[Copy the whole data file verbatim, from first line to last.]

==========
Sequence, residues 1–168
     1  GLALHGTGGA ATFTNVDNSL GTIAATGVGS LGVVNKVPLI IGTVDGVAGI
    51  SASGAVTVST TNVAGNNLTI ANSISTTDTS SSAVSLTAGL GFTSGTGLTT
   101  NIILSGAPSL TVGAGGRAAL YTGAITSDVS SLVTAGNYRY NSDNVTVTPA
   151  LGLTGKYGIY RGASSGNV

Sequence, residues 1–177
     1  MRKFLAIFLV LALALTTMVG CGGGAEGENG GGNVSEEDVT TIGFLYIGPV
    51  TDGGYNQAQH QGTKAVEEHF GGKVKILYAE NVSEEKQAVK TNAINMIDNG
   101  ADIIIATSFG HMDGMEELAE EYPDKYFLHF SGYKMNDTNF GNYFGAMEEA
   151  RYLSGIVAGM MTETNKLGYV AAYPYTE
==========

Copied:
Sequence, residues 1–168
     1  GLALHGTGGA ATFTNVDNSL GTIAATGVGS LGVVNKVPLI IGTVDGVAGI
    51  SASGAVTVST TNVAGNNLTI ANSISTTDTS SSAVSLTAGL GFTSGTGLTT
   101  NIILSGAPSL TVGAGGRAAL YTGAITSDVS SLVTAGNYRY NSDNVTVTPA
   151  LGLTGKYGIY RGASSGNV

Sequence, residues 1–177
     1  MRKFLAIFLV LALALTTMVG CGGGAEGENG GGNVSEEDVT TIGFLYIGPV
    51  TDGGYNQAQH QGTKAVEEHF GGKVKILYAE NVSEEKQAVK TNAINMIDNG
   101  ADIIIATSFG HMDGMEELAE EYPDKYFLHF SGYKMNDTNF GNYFGAMEEA
   151  RYLSGIVAGM MTETNKLGYV AAYPYTE